The March into Mazinderan
Kai Kaous seated him on the crystal throne, and the world was obedient to his will. But Ahriman was angry that his power was so long broken in Iran, and he sware unto himself that happiness should no longer smile upon the land. And he imagined guile in his black heart. Now it came about one day that the Shah sat in his trellised bower in the garden of roses, drinking wine and making merry with his court. Then Ahriman, when he beheld that they were thus forgetful of care, saw that the time served him. So he sent forth a Deev clad as a singer, and bade him ask for audience before the Shah. And the Deev did as he was bidden. And he came before the servants of the King, and begged for entrance into the arbour of flowers. “For verily,” he said, “I am a singer of sweet songs, and I come from Mazinderan, and desire to pour my homage at the throne of my lord.”
Now when Kai Kaous learned that a singer waited without, he commanded that he should be brought in. Then he gave him wine and permitted him to open his mouth before him. Now the Deev, when he had done homage before the Shah, warbled unto his lyre words of deep cunning. And he sang how that no land was like unto his own for beauty and riches, and he inflamed the desires of the Shah after Mazinderan. And Ahriman fanned the flame within the mind of the King, and when the Deev had ended, Kai Kaous was become uplifted in his heart, like unto Jemshid. So he turned him unto his warriors and said-
“O my friends, mighty and brave, we have abandoned ourselves unto feasting, we have revelled in the arms of peace. But it behoveth not men to live long in this wise, lest they grow idle and weak. And above all it behoveth not me that am a Shah, for the Shah is called to be a hero among men, and the world should be his footstool. Now verily the power and splendour of Jemshid was lower than mine, and my wealth surpasseth that of Zohak and Kai Kobad. It beseemeth me therefore to be greater also than they in prowess, and to be master of Mazinderan, which ever resisted their might. I bid you therefore make ready for combat, and I will lead you into the land whereof this singer hath sung so sweetly.”
Now the nobles, when they had heard these words, grew pale with fear, for there was not one among them who listed to combat with Deevs. But none durst open their lips in answer, yet their hearts were full of fear and their mouths of sighs. But at last, when they could keep silence no longer, some spake and said – “Lord, we are thy servants, and that which thou biddest surely we must do.”
But among themselves they took counsel how they should act if the Shah held firm by his desire. And they recalled how not even Jemshid in his pride had thought to conquer the Deevs of Mazinderan, before whom the sword hath no power and wisdom no avail, neither had Feridoun, learned in magic, or Minuchihr the mighty, ventured on this emprise. Then they bethought them of Zal the son of Saum, and they sent forth a wind-footed dromedary and a messenger. And they said unto Zal – “Haste, we pray thee, neither tarry to cleanse thine head though it be covered with dust; for Ahriman hath strown evil seed in the heart of Kai Kaous, and it ripeneth to fruit already, and already it hath borne fruit, and Iran is threatened with danger. But we look to thee that thou speak words of good counsel unto the Shah, and avert these sorrows from our heads.”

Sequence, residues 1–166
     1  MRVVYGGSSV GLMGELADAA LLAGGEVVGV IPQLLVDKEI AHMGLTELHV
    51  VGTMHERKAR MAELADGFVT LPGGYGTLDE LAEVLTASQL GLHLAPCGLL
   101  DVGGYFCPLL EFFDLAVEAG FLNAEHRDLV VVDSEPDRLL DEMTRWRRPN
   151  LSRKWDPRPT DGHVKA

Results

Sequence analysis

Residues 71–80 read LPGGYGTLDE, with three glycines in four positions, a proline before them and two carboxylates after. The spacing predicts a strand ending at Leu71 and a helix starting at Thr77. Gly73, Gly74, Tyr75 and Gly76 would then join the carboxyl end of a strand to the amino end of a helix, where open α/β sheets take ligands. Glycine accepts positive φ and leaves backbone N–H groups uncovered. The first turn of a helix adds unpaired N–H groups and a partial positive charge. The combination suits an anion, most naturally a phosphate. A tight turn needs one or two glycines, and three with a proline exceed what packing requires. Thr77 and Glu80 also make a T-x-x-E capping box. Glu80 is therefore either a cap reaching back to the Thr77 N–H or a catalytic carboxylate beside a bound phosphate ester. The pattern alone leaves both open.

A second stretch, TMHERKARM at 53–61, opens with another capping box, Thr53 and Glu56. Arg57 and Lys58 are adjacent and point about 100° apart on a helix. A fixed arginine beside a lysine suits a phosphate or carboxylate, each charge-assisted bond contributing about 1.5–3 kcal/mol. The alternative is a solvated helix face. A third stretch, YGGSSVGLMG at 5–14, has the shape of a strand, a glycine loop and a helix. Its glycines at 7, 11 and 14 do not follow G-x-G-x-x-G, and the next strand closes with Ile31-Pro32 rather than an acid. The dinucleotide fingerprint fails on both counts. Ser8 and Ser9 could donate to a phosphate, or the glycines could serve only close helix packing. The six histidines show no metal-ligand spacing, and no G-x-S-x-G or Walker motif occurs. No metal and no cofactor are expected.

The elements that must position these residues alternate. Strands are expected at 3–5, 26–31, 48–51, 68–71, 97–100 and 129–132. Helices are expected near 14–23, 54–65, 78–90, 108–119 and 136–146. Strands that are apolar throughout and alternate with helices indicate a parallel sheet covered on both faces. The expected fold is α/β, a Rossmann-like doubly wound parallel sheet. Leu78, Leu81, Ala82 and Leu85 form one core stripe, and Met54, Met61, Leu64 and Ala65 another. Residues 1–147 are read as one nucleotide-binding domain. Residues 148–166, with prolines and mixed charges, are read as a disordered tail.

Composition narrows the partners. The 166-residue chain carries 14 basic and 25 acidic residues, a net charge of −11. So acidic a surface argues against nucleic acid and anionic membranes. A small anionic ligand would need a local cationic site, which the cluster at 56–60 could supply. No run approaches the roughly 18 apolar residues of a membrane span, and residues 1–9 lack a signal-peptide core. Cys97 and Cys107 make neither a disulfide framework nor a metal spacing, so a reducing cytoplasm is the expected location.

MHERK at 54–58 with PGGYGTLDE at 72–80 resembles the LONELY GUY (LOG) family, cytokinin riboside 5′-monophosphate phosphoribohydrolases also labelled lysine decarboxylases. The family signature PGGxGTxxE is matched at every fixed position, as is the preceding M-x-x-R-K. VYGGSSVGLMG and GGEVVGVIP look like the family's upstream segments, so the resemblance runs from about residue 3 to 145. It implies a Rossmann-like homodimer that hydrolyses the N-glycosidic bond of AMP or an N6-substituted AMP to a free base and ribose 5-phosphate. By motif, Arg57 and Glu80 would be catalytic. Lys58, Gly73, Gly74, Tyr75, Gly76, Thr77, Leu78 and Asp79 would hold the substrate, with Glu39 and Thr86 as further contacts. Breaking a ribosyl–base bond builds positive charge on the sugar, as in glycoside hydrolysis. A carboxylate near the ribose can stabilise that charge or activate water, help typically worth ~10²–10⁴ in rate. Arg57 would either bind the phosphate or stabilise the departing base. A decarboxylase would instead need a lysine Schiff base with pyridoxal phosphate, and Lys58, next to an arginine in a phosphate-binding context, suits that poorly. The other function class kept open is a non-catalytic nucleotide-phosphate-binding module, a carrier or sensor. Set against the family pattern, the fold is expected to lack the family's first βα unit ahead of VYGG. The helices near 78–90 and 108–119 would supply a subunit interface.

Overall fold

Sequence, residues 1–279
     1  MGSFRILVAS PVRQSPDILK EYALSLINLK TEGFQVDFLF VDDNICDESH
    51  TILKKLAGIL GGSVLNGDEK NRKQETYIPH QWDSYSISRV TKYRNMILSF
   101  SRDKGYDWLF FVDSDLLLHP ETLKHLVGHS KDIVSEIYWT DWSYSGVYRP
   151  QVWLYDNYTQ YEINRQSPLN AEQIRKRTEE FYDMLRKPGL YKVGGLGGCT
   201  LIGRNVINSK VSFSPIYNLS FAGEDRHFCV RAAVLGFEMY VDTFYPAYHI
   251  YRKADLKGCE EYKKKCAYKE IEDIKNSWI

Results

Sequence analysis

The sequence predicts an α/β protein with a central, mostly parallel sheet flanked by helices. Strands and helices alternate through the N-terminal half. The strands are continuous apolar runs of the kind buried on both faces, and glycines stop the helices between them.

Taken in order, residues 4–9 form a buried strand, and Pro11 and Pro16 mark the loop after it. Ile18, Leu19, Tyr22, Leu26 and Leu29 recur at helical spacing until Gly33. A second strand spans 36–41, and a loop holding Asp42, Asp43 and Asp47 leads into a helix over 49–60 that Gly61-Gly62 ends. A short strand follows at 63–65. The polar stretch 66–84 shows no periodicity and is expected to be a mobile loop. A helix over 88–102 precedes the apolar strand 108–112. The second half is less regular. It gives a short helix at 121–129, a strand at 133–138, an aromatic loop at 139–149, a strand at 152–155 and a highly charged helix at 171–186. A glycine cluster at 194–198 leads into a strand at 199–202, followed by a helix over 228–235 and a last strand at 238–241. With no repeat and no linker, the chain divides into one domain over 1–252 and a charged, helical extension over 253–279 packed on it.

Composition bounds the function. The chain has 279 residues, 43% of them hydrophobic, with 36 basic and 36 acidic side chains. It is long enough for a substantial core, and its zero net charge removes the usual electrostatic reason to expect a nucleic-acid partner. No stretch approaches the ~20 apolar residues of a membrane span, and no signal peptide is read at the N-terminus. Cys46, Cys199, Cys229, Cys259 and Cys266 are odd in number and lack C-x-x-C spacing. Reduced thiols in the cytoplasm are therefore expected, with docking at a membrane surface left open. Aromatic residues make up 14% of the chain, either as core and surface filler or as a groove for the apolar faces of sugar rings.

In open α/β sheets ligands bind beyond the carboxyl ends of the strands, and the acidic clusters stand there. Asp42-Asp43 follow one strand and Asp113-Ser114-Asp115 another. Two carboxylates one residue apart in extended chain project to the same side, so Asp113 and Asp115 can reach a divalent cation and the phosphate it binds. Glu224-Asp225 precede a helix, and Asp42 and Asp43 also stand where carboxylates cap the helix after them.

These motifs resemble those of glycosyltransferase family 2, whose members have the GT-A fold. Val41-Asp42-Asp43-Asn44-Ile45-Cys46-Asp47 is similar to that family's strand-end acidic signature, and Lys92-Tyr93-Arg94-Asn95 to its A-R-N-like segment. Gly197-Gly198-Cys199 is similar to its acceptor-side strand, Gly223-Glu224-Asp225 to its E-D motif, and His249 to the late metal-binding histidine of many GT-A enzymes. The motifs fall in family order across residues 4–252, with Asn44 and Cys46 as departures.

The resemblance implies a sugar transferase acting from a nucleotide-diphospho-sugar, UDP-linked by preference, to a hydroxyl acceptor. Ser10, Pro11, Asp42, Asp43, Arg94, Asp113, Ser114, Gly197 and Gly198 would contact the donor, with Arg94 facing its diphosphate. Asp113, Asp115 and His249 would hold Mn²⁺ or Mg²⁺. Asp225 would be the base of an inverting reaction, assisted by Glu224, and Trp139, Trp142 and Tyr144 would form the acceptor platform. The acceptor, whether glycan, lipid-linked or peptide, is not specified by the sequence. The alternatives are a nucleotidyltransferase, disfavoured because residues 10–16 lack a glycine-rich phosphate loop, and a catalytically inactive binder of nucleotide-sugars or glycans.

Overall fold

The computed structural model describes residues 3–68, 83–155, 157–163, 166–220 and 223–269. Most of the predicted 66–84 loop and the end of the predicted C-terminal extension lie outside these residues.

Now Zal was sore distressed when he learned that a leaf on the tree of the Kaianides was thus faded. And he said – “Kai Kaous is void of knowledge, and the sun must revolve yet oft above his head before he learneth the wisdom of the great. For unto true wisdom alone is it given to know when to strike and when to tarry. But he is like unto a child who deemeth the world will tremble if it but upraiseth its sword. And but for my duty unto God and unto Iran, I would abandon him to his folly.”
Then Zal revolved in his mind this trouble even until the sun was set. But when the glory of the world was arisen yet again, he girt his sash about his loins, and took in his hand the mace of might and set forth unto the throne of the Shah. And he craved for audience, and prostrated himself before the King. And when Kai Kaous permitted it, Zal opened his mouth and spake words of wisdom. And he said – “O King powerful and great, word is come unto me, even unto Seistan, of thy device. But it seemeth unto me that mine ears have not heard aright. For Mazinderan is the abode of Deevs, and no man can overcome their skill. Give not, therefore, unto the wind thy men and thy treasures. Turn, I pray thee, from this scheme, neither plant in the garden of Iran the tree of folly, whose leaves are curses and whose fruits are evil, for thus did not the kings before thee.”
Then Kai Kaous, when he had listened, said, “I despise not thy counsel, nor do I bid thee hold thy peace, for thou art a pillar unto Iran. But neither shall thy words divert me from my desire, and Mazinderan shall pay tribute to my hands. For thou considerest not how that my heart is bolder and my might more great than that of my fathers before me. I go, therefore, and the kingdom will I leave between thy hands and those of Rustem thy son.”
When Zal heard these words, and beheld that Kai Kaous was firm in his purpose, he ceased from opposing. Then he bowed him unto the dust, and spake, saying – “O Shah, it is thine to command, and whether it be just or unjust, thy servants serve thee even unto death. I have spoken the words that weighed upon my heart. Three things it is not given to do, even unto a king: to elude death, to bind up the eye of destiny, to live without nurture. Mayst thou never repent thee of thy resolve, mayst thou never regret my counsels in the hour of danger, may the might of the Shah shine for ever!” And when he had ended, Zal went out of the presence of the King, and he was right sorrowful, and the nobles mourned with him when they learned how nought had been accomplished. Then, ere the day succeeded unto the night, Kai Kaous set forth with his horsemen unto Mazinderan.